Redox recognises that one of the major challenges of the future will be farm productivity and ultimately food security. At Redox we employ Agronomists to help farmers improve crop yields, maximising production and reducing costs. We spoke to Ian Gardner about a day in the life of a Redox Agronomist.
How does Redox fit into the industry?
Redox is a supplier of a large variety of products and fertiliser growing media. Through my role as an Agronomist, I help deliver advice to farmers on how to get the best results for their crops using Redox products. We work with the farmer’s local rural retailer to ensure our products are easily available to them. In turn, maintaining an effective network for Redox, within the crop production and protection industry.
Can you explain what your typical day is like?
Being an Agronomist is all about problem solving for farmers and re-sellers. In many instances they don’t know what to ask or what they need, so it’s my role to identify and advise farmers on what they need for better results. I evaluate crops, construct programs for addition rates of fertilisers and give advice about related Redox products which might help with their yield. Due to the nature of the role it takes a considerable amount of time and research to uncover the farmer’s issues.
My typical day is never the same, and varies from day to day. One day I will physically walk the crops and get an idea, while other day’s I will be on the phone giving advice. Due to the tyranny of distance, a large portion of my role is either travelling or on the phone. This is good as it gives me flexibility and variety in my days. Sometimes it’s easy to give advice, and other times I will need to be in the office to do some research and get back to them.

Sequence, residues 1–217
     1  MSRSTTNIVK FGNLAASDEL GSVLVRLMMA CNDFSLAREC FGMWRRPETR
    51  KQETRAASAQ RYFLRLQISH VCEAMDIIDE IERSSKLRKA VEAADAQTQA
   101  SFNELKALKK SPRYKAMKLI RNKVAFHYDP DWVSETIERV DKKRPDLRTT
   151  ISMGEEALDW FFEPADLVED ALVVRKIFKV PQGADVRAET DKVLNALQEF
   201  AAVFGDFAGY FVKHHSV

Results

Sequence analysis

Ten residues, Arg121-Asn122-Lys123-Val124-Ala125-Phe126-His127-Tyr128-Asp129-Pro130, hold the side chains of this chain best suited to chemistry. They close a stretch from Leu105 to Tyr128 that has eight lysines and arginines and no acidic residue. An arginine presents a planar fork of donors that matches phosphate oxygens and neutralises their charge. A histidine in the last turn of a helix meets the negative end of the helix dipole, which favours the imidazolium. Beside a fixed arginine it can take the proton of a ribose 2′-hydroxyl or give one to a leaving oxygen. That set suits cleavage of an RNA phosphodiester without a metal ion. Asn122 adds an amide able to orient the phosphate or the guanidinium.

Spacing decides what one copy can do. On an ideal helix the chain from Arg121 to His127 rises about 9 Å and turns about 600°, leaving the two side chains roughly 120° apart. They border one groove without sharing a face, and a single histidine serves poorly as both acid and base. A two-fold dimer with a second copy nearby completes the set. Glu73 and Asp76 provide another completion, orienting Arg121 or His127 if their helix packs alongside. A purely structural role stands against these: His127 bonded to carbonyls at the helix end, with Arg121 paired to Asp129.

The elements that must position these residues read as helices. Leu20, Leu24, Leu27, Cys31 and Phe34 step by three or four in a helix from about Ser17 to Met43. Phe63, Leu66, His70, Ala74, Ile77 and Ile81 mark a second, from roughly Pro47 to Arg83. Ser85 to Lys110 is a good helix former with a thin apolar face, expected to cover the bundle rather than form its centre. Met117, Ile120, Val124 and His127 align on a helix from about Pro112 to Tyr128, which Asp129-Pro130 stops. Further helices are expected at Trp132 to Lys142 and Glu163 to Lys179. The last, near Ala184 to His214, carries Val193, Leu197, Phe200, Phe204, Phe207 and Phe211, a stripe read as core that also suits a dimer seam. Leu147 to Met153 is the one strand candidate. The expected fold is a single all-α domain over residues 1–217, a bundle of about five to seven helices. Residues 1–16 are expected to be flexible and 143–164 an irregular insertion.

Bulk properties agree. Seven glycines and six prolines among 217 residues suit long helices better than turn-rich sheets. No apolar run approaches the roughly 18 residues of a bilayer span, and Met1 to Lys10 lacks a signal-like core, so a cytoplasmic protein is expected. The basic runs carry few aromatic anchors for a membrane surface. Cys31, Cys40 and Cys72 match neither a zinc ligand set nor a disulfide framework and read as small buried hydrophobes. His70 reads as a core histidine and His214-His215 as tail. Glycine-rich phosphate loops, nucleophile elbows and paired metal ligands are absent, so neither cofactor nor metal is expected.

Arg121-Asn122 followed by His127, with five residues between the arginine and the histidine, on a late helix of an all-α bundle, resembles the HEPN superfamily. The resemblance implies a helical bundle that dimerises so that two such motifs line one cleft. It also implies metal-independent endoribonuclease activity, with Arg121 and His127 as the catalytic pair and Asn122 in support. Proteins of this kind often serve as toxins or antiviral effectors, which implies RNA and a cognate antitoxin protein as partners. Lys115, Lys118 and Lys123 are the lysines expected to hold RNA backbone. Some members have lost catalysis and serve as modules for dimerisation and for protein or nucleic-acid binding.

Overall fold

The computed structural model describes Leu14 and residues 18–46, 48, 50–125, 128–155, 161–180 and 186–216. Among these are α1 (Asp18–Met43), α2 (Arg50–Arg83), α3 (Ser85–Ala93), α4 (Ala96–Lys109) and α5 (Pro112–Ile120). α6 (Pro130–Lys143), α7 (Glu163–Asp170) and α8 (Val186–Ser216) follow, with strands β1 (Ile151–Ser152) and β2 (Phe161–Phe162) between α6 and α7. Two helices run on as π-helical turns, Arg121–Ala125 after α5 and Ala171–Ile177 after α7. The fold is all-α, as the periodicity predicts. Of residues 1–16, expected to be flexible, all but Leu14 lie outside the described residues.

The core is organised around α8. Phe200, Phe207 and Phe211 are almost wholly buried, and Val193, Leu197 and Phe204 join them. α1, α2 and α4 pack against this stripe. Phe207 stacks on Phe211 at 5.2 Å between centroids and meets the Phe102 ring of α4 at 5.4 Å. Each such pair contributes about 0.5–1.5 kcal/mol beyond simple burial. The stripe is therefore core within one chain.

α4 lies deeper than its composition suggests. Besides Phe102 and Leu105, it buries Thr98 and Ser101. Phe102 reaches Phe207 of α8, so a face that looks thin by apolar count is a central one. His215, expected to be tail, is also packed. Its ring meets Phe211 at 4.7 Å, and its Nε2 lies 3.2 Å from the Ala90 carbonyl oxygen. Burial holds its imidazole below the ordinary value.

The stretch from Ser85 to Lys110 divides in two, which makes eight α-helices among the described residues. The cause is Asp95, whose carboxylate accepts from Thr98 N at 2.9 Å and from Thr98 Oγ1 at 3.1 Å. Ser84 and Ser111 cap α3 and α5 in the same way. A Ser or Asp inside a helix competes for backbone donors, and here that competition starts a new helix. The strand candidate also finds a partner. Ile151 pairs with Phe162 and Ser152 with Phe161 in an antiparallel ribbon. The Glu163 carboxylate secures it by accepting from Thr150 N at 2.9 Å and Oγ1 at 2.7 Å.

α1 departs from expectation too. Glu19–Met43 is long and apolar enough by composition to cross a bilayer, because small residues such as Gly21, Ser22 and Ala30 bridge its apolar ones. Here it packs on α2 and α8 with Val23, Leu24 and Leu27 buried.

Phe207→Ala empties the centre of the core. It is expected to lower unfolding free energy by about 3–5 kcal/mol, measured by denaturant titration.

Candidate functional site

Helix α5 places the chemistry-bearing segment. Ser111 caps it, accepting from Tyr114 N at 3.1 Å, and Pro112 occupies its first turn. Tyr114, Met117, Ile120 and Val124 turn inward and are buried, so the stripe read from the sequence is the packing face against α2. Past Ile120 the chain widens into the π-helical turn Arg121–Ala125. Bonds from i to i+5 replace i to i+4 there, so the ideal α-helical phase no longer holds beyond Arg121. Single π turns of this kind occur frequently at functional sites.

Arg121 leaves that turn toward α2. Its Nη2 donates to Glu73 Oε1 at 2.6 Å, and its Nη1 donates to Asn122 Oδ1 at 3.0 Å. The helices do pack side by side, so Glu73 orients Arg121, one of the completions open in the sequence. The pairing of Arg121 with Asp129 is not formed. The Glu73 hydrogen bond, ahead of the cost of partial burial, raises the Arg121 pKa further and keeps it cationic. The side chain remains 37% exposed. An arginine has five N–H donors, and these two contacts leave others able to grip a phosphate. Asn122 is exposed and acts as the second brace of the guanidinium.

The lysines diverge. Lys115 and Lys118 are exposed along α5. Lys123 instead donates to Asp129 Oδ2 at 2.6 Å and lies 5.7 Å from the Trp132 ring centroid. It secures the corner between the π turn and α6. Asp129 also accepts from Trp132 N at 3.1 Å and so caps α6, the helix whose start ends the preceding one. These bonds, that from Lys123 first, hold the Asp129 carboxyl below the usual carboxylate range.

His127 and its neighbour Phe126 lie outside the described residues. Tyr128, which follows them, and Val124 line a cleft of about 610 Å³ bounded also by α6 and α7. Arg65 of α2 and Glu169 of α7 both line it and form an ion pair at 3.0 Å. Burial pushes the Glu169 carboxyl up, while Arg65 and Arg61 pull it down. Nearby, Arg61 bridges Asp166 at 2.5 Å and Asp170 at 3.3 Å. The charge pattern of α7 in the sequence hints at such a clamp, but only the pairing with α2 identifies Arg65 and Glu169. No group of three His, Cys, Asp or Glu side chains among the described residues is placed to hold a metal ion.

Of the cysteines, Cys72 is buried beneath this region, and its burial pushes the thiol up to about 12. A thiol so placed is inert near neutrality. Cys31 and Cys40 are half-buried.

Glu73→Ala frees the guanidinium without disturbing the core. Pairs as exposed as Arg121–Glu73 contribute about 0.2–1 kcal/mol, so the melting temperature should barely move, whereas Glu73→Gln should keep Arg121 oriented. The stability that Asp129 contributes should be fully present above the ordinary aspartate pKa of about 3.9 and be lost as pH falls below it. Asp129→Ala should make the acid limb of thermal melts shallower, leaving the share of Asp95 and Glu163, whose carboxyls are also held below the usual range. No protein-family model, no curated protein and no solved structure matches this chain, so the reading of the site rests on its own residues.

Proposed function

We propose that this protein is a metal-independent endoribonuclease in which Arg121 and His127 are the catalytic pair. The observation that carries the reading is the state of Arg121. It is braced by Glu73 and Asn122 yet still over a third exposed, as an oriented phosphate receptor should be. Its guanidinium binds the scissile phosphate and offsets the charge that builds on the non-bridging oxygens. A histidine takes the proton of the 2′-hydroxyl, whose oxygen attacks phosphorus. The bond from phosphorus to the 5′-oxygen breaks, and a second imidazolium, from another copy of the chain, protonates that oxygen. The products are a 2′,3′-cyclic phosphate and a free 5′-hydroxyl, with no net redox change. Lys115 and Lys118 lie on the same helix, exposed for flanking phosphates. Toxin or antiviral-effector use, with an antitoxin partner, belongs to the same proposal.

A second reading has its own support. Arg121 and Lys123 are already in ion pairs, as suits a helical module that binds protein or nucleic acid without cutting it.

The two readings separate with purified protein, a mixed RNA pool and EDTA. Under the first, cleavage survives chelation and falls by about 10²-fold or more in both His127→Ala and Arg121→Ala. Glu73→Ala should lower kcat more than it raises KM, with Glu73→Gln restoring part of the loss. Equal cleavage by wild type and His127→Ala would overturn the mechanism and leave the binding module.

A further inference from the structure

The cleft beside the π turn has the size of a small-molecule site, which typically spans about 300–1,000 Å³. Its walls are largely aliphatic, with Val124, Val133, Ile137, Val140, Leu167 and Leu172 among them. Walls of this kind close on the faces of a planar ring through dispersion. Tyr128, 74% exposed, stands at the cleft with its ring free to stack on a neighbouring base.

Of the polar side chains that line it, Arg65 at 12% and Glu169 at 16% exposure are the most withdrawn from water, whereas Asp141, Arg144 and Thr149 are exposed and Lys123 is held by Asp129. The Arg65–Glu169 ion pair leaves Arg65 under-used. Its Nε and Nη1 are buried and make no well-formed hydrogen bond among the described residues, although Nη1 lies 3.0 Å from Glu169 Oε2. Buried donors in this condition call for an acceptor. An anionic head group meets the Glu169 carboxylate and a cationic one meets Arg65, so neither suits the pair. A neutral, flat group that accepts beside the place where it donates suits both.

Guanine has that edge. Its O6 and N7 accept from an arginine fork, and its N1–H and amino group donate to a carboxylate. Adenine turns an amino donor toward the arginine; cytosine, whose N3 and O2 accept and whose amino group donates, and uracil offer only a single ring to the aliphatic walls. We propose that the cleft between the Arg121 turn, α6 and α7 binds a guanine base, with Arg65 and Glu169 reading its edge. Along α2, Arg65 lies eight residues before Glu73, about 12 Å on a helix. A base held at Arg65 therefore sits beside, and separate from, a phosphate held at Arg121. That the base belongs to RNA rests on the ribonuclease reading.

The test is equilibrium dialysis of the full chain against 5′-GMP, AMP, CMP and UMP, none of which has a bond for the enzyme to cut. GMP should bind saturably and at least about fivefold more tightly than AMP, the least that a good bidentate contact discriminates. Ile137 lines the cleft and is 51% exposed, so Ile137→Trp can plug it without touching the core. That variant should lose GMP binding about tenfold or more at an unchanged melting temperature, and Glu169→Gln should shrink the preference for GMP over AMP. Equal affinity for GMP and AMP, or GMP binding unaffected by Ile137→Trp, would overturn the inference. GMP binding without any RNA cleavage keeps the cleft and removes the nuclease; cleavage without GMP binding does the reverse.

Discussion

What are the most fulfilling aspects of your role and career?
The most fulfilling aspect of my role is producing good yield – I get good results. For instance, when working on a Raspberry crop, it took only 18 month to yield 25 tonnes per hectare. The farmer acknowledged that he couldn’t get that amount out of his crops. Another crop of Blueberries only took me 3 months to turn the yield around. It’s mostly about chemistry and chasing yield!
For my career, Redox has opened a lot of opportunities for me and created experiences I otherwise wouldn’t have had- I’ve seen lot of the country, experienced different temperature zones (tropical, etc.) and soil types (latitude and longitude).
What are the misconceptions about Agronomy?
A reoccurring misconception is that farmers expect the miraculous to happen, such as double yield and increased pack out rates, and they want it as cheap as possible. Sometimes I need to give them a breakdown of what is reasonably possible. I undertake a lot of research in my role, so I’m confident in my programs and advice.
One thing that is not considered is that it all takes time, especially in soil. To be successful and produce the best yield you need science, experience and (that gut feeling) intuition. It’s not an easy quick process.
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